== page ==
Turning twenty 

click to enlarge LESLIE ANTHONY - The road ahead It took a while for Leslie to make the road trip to Whistler—and now he is celebrating 20 years in the community.
  • Leslie Anthony
  • The road ahead It took a while for Leslie to make the road trip to Whistler—and now he is celebrating 20 years in the community.

If you'd told me back in December 1999, when I took up full-time residence in Whistler, that 20 years would pass in the blink of an eye, I would have laughed. How would such a thing be possible? Metaphysics? Serial alcoholic blackouts?

Believe me, it's possible—and not because of any transmogrification of time or liver tissue. It's just called getting older.

Mind you, by the metric of Whistler's youthful itinerant citizenry I was already "old" upon arrival. Forty-two to be exact; a time of life which, on my hindsight reel, now plays like a second adolescence. In Peter Pan Whistler, 40 really was the new 20. But I digress.

In the mid-1990s, as an editor at Powder and writer for a raft of other global ski and outdoor magazines, I visited Whistler often for professional reasons—whether events, backcountry missions, or to interview high-profile locals or visitors. As a result, having already established friendships and relationships here, when the opportunity to relocate from Toronto presented itself, I jumped.

Settling in, I was less starry-eyed about the place than enthusiastically familiar. Given my numerous previous sojourns, acquaintances frequently mistook my sudden presence for yet another visitation: "How long you here for this time," I was often asked. It felt immensely satisfying to answer "I live here now."

I was here because of the skiing, of course, yet this was the aspect it took me longest to warm up to. On my first trip here in the late '70s, a friend and I skied in the fog for two days, leaving with little idea of the place, but a distinct sense there were discoveries to be made. After several subsequent visits, I had yet to even imagine the fabled Whistler Blackcomb alpine when I finally caught a sunny break in 1996. Not only did I find the views from both mountains outstanding and unique in North America, but so, too, the skiing—the sheer scope and diversity of inbounds terrain, the tree and glacier skiing, the short hikes to massive in-bounds sectors, and the many off-piste gems you could access from these. It left the kind of impression reserved for childhood encounters with the world's most flattering geographic wonders—like a Grand Canyon or Mt. Everest. That seems a fitting memory: after 20 years, I still feel very much like a child every day on the mountain—somewhat giddy with only occasional trepidation.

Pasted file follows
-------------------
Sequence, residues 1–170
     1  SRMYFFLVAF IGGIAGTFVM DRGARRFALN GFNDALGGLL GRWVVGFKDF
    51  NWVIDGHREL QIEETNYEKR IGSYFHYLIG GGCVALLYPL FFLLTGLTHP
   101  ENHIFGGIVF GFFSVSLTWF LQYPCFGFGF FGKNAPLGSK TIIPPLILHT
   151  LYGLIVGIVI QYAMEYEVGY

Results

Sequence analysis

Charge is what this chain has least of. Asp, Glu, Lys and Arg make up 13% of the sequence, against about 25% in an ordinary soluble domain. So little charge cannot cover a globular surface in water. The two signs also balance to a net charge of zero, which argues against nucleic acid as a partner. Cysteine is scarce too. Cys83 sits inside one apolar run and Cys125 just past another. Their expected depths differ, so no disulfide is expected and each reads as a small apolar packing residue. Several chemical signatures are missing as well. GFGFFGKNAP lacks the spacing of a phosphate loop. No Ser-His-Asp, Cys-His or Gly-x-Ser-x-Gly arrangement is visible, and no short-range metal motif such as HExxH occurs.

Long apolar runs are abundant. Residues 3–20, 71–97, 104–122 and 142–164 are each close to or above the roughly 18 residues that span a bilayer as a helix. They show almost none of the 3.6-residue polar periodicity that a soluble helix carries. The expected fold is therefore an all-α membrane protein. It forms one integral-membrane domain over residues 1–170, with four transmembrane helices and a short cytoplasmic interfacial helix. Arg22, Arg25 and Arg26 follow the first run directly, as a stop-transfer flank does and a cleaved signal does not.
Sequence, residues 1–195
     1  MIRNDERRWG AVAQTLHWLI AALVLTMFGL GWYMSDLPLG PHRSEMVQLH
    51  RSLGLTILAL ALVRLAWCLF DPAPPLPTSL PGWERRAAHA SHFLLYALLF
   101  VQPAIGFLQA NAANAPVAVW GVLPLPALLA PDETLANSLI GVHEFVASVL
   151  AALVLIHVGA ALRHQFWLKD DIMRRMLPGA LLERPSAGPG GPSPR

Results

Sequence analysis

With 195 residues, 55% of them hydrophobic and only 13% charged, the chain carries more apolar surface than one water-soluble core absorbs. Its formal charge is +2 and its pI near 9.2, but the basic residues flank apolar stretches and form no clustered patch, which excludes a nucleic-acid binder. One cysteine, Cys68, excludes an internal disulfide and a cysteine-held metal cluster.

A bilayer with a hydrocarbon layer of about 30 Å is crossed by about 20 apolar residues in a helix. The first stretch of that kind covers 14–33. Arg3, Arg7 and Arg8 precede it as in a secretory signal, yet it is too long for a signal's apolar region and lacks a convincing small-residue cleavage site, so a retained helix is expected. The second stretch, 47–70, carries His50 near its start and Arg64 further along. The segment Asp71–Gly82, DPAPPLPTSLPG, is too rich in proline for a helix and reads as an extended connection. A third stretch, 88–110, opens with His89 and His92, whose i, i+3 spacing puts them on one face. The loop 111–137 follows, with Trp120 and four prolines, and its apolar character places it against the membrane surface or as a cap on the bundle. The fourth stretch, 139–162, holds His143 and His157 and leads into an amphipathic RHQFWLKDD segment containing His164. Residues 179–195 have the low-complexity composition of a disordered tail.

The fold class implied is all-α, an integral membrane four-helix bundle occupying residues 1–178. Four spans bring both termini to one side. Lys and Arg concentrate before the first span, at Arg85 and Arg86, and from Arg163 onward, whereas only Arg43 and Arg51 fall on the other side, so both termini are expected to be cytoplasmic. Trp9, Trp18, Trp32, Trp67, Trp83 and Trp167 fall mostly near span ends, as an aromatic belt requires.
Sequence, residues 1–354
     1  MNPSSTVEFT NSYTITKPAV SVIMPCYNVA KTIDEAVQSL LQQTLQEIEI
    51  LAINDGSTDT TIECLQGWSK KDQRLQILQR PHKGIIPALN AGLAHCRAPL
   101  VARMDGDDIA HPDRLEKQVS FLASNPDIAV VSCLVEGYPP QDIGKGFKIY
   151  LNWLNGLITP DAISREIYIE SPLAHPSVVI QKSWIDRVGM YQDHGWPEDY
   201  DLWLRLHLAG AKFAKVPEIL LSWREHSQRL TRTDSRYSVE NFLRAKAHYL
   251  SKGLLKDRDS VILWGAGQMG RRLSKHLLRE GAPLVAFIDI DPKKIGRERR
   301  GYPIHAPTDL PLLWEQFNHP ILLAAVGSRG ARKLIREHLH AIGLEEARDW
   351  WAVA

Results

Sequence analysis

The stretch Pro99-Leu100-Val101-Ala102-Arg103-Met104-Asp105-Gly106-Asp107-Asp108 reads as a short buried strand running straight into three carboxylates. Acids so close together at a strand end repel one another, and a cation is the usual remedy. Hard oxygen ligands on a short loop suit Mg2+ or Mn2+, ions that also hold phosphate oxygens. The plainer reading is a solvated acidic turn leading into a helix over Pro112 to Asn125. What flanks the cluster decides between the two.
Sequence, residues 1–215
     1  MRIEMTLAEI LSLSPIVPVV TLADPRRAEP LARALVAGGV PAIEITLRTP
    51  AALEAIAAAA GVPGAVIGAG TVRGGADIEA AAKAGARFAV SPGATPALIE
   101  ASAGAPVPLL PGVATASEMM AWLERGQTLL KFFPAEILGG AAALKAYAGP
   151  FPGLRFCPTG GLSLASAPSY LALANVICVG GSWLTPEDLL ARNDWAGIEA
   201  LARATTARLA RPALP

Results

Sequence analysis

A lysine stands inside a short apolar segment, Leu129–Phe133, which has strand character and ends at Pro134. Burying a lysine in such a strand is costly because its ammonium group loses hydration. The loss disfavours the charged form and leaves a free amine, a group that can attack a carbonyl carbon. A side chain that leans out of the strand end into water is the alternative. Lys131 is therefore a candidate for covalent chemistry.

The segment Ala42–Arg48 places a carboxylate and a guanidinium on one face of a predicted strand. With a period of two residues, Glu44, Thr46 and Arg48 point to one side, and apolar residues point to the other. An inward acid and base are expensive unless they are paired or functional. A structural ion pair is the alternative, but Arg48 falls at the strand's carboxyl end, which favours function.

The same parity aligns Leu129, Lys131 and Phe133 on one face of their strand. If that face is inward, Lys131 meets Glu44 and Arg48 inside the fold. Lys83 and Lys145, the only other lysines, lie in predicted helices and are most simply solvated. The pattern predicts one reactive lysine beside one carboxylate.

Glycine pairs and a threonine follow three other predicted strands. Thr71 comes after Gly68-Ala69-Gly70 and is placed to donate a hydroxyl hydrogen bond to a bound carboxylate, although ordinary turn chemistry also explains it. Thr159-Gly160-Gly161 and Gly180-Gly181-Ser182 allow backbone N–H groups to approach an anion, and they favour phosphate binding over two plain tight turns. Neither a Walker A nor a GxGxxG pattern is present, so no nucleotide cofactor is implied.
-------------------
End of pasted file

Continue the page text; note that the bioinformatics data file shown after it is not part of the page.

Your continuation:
Once I had the measure of the place I never missed a chance to return, making more friends, exploring further, skiing ever-deeper snow. This crucible was a potent draw, but there was another thing about Whistler that hooked me, and I won't be the first to voice this: the vibe here was different, all about bigger and bolder, with a critical mass of ski bums, pros of every stripe, filmmakers, photographers and other creative types pouring into the place at the same time that both the big-mountain freeskiing, progressive freestyle, and backcountry sledding scenes were exploding—as if the entire snowsport world had plunked itself down in B.C.'s Coast Range. As a seasoned ski writer, I didn't necessarily see Whistler as the centre of the universe so much as a universe unto itself—one I recognized as a place I could live.

On one of those pre-citizen trips, standing atop West Cirque, my eyes fell between my skis and down over the white veins braiding their way into Whistler Village, where I also saw this: beyond the lifts and plazas and cobbled streets and shops and restaurants curled the pavement paisleys wrapping schools and parks. So ... it wasn't just visitors like me or an annual crop of ski-bum pilgrims that made Whistler what it was. People lived and worked and raised kids here. And this alpine playground, so close yet a world away, defined their lives. I could see why people were drawn here—but what kind?

After two decades I know the answer: every kind. The surprising energy of this town lies in its diversity: builders, athletes, artists, musicians, naturalists, chefs, guides, instructors and a multitude of others hailing from every part of Canada and beyond, a nexus of sensibilities that brought a critical mass of relentless innovation. Many who move here from smaller, sleepier mountain towns expecting to be overwhelmed are instead pleasantly surprised: if you want the full-on, ski-town vibe and nightlife, it's here like nowhere else; but if you're looking for peace and solitude, it's also here in abundance.

This contrast of wilderness opportunity and big-city attitude has shaped Whistler—and now myself. In cultivating a life apart from the industry that keeps the town afloat, Whistler's vibrant mix of arts, culture and outdoor enthusiasm has created something more meaningful to share with visitors—character.

Today, I still get lost poking around on the mountain—but not because it's foggy. Even after all this time, I still find something new to ski every time I go out. And this—a constant sense of potential discovery—is why no day in the 20 years that I've been here has ever been less thrilling than the last one.

Leslie Anthony is a Whistler-based author, editor, biologist and bon vivant who has never met a mountain he didn't like.

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